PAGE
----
Willy Moon may look like a pre-Beatles teen idol, but there’s more than retro and revivalism beneath his skinny ties, pompadour hair and “Mad Men” suits.
Before signing to Cherrytree/Island in the U.S. last year, the 23-year-old New Zealand-born, London-based singer’s snappy pop tracks caught the ear of Jack White, who released his debut single “Railroad Track” via his Third Man Records imprint. Shortly before hitting the road with White for a run in the U.K. last fall, his single “Yeah Yeah” soundtracked Apple’s future-is-now iPod Bounce TV spot, giving the young artist one of the most coveted means of exposure in the music industry.
“I knew it was something that would, in a way, change my life,” Moon tells Billboard of the Apple sync, which has helped “Yeah Yeah” enter the Digital Songs tally at No. 70 and sell 155,000 downloads to date, according to Nielsen SoundScan. “Somebody from Apple actually came over to London and spent a few days with me, sitting there and kind of just mapping everything out. I made that record at the beginning of last year, at home in my flat… so the thought of that going out to 40 or 50 countries around the world was validating in a different kind of way.”
Moon began making songs with Pro Tools on his personal computer in 2009, when he had just moved to England and didn’t yet know any other musicians. Two years later, he had written “I Wanna Be Your Man,” the oldest track set to appear on his first album, “Here’s Willy Moon,” due for a Apr. 2 release. Also on “Here’s Willy Moon” is “Railroad Track” and “Yeah Yeah,” as well as the work of Pulp’s Steve Mackey as a co-producer.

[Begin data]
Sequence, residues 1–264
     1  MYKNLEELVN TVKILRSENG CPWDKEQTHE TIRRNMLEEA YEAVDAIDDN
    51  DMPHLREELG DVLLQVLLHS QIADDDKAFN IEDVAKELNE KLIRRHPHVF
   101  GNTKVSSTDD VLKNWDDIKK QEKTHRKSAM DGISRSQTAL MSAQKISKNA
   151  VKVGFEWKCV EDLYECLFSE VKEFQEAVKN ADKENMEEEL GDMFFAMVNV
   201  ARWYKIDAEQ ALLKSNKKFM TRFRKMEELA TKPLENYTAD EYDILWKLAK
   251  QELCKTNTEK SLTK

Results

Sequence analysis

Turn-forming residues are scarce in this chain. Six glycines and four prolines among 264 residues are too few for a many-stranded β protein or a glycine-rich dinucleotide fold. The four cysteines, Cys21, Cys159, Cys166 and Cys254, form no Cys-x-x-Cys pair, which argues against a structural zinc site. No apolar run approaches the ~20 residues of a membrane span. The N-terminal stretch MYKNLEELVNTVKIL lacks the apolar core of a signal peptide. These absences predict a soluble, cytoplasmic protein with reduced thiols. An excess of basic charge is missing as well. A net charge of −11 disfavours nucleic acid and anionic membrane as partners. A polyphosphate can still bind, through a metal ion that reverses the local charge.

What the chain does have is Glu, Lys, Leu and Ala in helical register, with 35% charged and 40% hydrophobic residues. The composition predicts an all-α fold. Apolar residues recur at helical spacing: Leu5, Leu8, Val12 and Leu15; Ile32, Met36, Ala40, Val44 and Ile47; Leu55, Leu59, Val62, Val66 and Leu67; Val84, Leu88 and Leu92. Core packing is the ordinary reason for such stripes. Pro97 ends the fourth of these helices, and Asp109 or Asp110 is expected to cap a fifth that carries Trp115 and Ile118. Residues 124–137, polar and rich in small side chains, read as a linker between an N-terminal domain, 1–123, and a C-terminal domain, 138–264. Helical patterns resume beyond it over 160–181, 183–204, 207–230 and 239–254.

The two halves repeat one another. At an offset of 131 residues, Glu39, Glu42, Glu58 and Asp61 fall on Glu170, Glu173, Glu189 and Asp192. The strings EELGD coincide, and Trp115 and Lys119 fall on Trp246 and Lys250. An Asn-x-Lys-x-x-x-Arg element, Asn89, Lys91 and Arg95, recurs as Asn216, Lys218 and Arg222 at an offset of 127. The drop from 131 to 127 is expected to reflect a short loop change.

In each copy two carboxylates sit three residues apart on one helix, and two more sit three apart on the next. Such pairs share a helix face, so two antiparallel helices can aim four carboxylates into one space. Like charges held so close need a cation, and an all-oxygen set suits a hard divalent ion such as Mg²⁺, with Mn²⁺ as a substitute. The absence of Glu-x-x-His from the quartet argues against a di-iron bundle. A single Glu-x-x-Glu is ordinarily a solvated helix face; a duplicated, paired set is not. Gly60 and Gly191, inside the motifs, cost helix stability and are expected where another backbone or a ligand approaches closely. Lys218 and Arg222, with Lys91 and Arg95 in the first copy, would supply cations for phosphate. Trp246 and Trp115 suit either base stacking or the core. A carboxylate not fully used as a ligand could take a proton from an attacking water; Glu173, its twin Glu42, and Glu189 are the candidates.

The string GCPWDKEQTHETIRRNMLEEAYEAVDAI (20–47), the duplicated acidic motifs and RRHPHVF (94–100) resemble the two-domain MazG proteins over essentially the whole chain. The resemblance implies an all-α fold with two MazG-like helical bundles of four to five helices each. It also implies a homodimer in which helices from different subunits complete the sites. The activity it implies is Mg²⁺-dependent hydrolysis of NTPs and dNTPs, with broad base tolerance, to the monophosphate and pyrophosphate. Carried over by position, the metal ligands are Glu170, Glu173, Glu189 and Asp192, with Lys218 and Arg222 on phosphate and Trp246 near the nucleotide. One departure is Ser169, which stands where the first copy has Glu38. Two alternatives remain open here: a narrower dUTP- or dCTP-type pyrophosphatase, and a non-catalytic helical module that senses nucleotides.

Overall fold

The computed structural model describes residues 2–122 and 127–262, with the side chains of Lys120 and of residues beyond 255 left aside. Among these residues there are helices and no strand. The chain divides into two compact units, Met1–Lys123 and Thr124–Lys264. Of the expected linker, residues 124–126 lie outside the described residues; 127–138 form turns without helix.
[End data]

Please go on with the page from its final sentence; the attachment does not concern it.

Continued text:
“What I’m trying to do is get the song across in the most direct way possible,” says Moon of his songwriting style. “I’m taking a lot of inspiration from old rock and roll music. The songs were really short, very simplistic. I grew up listening to a lot of punk music as well.”
He’s not kidding when he talks about song length — “Here’s Willy Moon” features 12 tracks clocking in at less than 29 minutes. But there’s a bounty of cross-genre, era-hopping ideas injected into his tightly-wound pop songs: soul choruses, James Brown-esque cries of “Hit me now!,” pummeling beats reminiscent of modern hip-hop production, and straight-faced new takes on classics like Screamin’ Jay Hawkins’ “I Put a Spell on You” and Little Willie John’s “I’m Shakin’.”
Moon is a throwback performer, and is certainly dressing the part: the suit-and-tie look was all over the singer-songwriter’s press shots and stage show long before Justin Timberlake was hinting at a musical comeback. Yet Moon is not playing a character. “I travel around with a bunch of clothes, so the suits I wear onstage are the same suits I wear when I go out on Friday night or even when I’m hanging around the house,” he says.
Ahead of the album release, Moon is playing shows across the U.S., with a gig at the Bootleg Theater in Los Angeles slated for Wednesday night. Next up is a U.K. run of select shows that will be broken up by a heavy slate of performances at South by Southwest next month in Austin, Tex.